politics, history and the war on terror
Monday, June 28, 2004
The Poll Vault 

In virtually every newspaper, current events TV show, or political web page, we see them. Polls, all purporting to give us the inside scoop about and who and what is going on, and how we should think about it. It helps, I think, to have an idea of just what we are working with, its nature, value, and of course, its balance and/or bias.

According to Houghton Mifflin (who publish school textbooks), one of the earliest “soundings of opinion on record” comes from the Harrisburg Pennsylvanian and the Raleigh Star, who reported favorites in certain regions during the 1824 Presidential race, which was also the first race in which the general public was allowed to vote.

By the turn of the century many newspapers were conducting polls to determine political preferences. Later polls were conducted by magazines; the first among them were the Farm Journal (1912) and the Literary Digest (1916). Early polls were anything but scientific, dependant on cavassers asking people at random, or by “straw ballots” in newspapers, which readers mailed in. Sampling, a method which takes a small percentage, and then projects the whole group’s opinion from it, began in the mid-1930’s, especially with the 1936 campaign between President Franklin Roosevelt and Republican Alf Landon. Literary Digest magazine conducted a poll with over 10 million ballots, indicating that Landon would win easily. History and the actual election decided otherwise, and interest in polls dropped off with the embarassing blunder.

However, a new method of polling, introduced for the same election by the Gallup Organization, which accurately predicted FDR’s re-election, and with a respectably close margin (Gallup predicted FDR would take 56% of the vote; he actually took 62.5%). But it took a while for Gallup’s success to be recognized as an example of a new wave of methodology; Gallup had to compete with the Fortune survey (begun in 1936) conducted by Elmo Roper, and the Crossley Poll (also begun in 1936). To make matters murkier, pretty much everyone, Gallup included, predicted President Truman would lose to challenger Dewey in 1948. There is a famous photograph of Truman holding up a newspaper in Chicago with the headline, “Dewey Defeats Truman”. The lesson to prognosticators is as valid now, as it was then, but sadly, is just as ignored.

Sampling was the key to many varieties of polling, which is one reason why polls often disagree with one another. Sampling techniques may be random, stratified, or purposive, or a combination of any of these. The information may be elicited by personal interview, telephone interview, or mail questionnaire, and the polling is completed only after the data have been tabulated and evaluated.. Once these responses have been assembled, the pollster then puts together his model. Which brings us to demographics, often the least-discussed element of the pollster’s method.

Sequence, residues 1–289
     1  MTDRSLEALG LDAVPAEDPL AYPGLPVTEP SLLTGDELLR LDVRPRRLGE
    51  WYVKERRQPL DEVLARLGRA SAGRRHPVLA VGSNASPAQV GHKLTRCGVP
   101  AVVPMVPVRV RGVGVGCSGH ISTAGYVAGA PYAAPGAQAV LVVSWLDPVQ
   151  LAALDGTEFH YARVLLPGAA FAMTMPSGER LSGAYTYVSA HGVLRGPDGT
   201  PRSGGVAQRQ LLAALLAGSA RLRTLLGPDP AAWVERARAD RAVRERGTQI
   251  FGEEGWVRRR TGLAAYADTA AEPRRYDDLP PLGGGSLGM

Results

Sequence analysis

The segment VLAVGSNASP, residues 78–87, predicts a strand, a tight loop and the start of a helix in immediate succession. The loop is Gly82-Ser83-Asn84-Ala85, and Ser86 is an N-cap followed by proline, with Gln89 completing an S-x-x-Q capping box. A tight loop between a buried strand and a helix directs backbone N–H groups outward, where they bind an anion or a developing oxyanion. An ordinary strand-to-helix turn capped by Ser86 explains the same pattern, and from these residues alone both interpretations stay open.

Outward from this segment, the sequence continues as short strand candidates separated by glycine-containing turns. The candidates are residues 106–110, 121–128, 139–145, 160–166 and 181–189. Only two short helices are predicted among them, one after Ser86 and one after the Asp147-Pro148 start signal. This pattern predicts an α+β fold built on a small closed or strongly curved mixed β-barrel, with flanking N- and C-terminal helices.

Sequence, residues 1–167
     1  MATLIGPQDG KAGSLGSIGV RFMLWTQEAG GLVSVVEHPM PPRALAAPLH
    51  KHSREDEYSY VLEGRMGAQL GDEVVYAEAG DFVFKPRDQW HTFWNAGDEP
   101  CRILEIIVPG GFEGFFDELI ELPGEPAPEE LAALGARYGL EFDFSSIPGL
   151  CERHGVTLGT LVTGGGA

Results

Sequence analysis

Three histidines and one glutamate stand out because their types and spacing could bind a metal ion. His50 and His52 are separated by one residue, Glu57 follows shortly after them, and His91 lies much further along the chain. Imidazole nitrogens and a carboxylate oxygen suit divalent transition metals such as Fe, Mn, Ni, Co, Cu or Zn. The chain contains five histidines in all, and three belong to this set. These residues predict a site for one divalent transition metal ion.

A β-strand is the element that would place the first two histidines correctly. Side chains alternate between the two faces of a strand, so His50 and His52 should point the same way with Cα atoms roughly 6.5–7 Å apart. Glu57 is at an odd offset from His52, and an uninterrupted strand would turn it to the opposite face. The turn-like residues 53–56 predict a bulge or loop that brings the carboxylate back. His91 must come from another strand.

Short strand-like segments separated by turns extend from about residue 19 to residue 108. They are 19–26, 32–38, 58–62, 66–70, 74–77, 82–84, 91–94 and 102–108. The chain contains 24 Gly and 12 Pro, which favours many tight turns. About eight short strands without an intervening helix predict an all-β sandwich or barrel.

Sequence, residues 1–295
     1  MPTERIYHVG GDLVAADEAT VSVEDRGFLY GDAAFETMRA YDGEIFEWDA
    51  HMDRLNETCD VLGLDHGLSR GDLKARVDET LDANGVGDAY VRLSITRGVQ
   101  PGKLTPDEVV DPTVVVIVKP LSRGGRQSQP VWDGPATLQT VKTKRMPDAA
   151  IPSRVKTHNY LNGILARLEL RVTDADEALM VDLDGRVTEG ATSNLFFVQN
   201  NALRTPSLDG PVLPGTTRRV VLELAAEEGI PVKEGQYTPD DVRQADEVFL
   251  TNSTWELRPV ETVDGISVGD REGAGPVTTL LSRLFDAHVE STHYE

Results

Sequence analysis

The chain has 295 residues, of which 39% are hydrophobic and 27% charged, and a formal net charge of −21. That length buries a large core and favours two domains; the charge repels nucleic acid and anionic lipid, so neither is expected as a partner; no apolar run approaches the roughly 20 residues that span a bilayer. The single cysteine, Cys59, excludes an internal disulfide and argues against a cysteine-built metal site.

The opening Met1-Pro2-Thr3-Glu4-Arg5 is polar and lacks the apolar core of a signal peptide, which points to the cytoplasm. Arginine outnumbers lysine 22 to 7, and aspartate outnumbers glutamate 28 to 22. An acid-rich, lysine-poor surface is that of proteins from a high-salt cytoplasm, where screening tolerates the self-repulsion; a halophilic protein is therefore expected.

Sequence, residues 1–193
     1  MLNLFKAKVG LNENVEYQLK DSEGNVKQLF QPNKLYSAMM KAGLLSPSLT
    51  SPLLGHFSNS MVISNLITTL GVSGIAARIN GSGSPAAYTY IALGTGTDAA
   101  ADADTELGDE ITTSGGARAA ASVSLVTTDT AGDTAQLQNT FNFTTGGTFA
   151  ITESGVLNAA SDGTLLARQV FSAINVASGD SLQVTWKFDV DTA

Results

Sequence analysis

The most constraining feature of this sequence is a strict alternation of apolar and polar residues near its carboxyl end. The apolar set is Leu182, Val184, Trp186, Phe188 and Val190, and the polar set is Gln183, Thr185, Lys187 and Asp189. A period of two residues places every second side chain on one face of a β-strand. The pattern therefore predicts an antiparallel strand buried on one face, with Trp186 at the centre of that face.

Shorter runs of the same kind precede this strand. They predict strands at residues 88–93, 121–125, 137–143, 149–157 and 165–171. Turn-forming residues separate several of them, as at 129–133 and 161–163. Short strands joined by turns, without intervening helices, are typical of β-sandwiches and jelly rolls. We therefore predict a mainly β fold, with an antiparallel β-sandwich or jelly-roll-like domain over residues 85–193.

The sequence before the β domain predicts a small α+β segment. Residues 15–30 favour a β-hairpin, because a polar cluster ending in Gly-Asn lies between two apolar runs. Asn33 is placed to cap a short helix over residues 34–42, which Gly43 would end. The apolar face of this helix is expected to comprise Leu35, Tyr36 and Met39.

Before I go into that, I should like to observe that pollsters generally fall into three types:
Polling Agencies (like Gallup, Harris, Zogby, Pew Research, and Rasmussen Reports);
Media Groups (like ABC, CBS, NBC, CNN, The New York Times, The Wall Street Journal, The Washington Post, The LA Times, Fox News, Time magazine, and Newsweek magazine); and
Universities (such as Quinnipiac, University of Connecticut, Marist, Arizona State University, the University of Michigan and the University of Massachusetts).
What makes that messier, is the cooperation between many of these groups. For instance, in a March 2004 poll of Iraqis, about the War on Terror, the US-led occupation, and conditions now that Saddam has been removed, was released simultaneously by ABC News, the German network ARD, the BBC, and NHK in Japan, with identical responses. This happened, because the actual polling was done by Oxford Research International of Oxford, England, who licensed the media to use its results under their own names. Cooperation between media, who have money and name recognition, and universities, who can provide the fieldwork quickly and within designed parameters, is not only common, but has proven a useful way to meet the growing public appetite for new polls.